The rest of the dive consisted of a ton of small reefs, a whole series of small canyons, maybe 1 or two meters (3-6 feet) deep, tons of fish, coral, and even a few more sea turtles. It was completely excellent, and I actually started to feel almost natural moving myself around with only my fins. Mel and I explored the whole area, though I’m sure she already knew it by heart, and I even kept my lunch together pretty well. Unfortunately I was starting to notice the cold of the ocean though, and so I’ll admit that I wasn’t completely sad to get out of the water when we were finished. In total we spent nearly 45min deep underwater on the second dive, compared to the 25min of the first dive, and by the time we got back to the boat I was definitely ready for my warm towel.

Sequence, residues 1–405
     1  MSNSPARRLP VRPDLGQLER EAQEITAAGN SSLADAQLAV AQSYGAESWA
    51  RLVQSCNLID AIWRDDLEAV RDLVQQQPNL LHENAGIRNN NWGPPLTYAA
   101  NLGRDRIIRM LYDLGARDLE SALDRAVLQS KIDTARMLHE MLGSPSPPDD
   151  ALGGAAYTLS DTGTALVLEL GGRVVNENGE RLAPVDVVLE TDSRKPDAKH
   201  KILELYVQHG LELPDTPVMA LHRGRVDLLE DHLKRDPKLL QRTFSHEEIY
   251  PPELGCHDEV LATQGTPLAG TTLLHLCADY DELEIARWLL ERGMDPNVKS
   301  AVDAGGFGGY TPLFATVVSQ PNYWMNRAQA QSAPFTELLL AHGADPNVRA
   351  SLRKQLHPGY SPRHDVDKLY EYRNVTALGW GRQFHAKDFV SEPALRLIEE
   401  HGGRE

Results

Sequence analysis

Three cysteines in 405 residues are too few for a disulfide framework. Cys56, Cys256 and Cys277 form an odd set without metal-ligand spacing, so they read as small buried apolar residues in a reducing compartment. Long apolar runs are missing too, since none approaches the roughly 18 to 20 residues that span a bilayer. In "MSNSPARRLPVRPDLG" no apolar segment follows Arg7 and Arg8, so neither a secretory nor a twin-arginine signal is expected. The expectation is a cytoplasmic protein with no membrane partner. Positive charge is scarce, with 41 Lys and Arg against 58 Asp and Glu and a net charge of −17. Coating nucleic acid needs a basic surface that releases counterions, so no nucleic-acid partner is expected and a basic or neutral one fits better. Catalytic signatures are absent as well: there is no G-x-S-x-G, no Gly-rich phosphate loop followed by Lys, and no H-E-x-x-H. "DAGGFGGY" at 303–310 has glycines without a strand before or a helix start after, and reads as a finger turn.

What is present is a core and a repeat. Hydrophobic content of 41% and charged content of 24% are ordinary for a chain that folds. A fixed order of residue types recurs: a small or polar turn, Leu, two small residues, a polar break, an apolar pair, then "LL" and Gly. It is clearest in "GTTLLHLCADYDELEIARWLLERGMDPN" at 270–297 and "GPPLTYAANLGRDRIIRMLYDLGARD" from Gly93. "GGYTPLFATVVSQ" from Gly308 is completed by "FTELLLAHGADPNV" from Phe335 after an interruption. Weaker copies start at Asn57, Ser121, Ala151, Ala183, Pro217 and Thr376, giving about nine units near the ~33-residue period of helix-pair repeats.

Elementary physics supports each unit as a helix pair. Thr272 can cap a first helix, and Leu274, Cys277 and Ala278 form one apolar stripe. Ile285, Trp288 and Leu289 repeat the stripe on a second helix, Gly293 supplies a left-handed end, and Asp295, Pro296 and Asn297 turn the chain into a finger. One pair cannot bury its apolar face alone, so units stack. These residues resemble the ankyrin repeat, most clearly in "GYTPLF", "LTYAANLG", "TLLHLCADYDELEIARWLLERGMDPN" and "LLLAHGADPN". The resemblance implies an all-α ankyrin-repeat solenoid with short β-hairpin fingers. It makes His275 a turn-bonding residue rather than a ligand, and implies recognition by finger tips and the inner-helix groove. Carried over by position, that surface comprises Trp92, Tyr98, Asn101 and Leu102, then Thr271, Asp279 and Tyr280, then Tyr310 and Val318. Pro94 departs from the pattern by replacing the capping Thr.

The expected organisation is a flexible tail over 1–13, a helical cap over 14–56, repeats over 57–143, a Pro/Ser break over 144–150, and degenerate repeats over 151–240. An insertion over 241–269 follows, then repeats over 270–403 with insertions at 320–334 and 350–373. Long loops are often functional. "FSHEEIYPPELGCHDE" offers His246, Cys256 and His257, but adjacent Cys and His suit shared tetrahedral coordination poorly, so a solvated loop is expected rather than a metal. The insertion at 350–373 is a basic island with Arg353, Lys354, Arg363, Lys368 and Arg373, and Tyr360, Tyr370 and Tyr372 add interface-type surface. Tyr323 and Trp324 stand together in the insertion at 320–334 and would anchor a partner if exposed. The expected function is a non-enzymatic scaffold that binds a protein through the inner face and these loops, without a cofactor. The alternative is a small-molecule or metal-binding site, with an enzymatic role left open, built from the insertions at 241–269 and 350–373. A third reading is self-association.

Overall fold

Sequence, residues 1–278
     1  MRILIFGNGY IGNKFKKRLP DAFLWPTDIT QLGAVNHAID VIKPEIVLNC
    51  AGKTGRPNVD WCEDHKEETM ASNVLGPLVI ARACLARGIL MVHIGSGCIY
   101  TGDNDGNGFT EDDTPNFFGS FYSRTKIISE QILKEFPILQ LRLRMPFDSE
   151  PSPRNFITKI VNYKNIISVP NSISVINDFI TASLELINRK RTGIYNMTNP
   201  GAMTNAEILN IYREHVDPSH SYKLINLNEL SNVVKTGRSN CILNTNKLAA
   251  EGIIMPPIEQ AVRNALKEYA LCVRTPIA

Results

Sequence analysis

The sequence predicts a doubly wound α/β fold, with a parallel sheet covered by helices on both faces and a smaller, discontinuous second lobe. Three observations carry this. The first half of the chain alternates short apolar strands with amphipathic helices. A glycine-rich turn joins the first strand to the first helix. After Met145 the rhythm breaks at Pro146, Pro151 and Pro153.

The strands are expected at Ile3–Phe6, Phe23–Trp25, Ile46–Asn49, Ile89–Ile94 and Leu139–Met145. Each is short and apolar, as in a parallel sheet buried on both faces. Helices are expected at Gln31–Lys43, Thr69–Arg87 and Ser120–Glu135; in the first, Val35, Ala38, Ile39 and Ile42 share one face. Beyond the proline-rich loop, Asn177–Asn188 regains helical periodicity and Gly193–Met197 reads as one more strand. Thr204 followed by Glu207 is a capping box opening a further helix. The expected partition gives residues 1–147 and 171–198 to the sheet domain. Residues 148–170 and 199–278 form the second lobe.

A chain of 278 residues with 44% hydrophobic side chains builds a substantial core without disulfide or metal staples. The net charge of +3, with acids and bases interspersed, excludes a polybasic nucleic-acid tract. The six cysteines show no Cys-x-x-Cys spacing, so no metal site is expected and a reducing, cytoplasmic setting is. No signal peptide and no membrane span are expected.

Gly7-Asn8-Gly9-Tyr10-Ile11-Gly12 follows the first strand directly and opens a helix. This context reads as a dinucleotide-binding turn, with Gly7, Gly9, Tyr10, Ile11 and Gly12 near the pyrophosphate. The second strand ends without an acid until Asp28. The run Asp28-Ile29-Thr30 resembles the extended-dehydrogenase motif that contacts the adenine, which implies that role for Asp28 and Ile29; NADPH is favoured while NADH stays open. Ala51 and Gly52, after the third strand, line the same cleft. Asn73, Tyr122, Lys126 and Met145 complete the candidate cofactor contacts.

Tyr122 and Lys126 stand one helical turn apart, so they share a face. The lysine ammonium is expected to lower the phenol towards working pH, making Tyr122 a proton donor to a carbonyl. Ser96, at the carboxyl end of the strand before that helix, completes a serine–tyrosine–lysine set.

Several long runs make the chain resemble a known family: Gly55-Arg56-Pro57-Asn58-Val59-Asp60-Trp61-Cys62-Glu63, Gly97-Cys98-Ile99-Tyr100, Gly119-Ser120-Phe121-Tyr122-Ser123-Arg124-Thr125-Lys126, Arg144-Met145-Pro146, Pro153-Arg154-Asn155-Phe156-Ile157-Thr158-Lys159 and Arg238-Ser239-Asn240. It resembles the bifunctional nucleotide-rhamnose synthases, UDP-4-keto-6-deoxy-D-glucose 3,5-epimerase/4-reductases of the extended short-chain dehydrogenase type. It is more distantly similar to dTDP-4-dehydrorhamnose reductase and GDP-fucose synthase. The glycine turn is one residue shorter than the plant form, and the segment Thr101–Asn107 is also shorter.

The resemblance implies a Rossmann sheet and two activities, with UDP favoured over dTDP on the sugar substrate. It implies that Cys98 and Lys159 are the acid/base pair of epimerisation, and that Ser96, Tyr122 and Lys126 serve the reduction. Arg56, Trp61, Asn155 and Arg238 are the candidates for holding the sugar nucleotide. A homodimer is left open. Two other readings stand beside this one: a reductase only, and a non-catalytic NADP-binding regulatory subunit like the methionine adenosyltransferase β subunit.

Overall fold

After the short trip back to the docks (yes, I held my stomach in check just fine, thank you very much) we unpacked the gear, put on normal clothes, and went through the dive books for the certified people. Then, we hit McDonald’s. Yep… there’re tons of McDonald’s in Honolulu too, unfortunately… but fortunately for my health and digestion I was still feeling much too sick to eat. In fact, it wasn’t until after a two hour nap and two bottles of ginger ale that I finally felt up for a hotdog, let alone of a full meal. But it was 100% worth it to learn the basics of SCUBA… and I promised myself that I’d be diving again soon. Or, just as soon as I could afford it again.

About perfectusvarrus

I am an adventurer. I've been many things in my life; a machinist, a mechanical designer, a training coordinator, a facilities consultant, and a seasonal construction worker. But through it all, I've kept my love of adventure and exploration strong, through rock climbing, backpacking, cycling, exploring, and trying new things. The rush of adventure is intoxicating, and the thrill of discovery and exploring is unbeatable.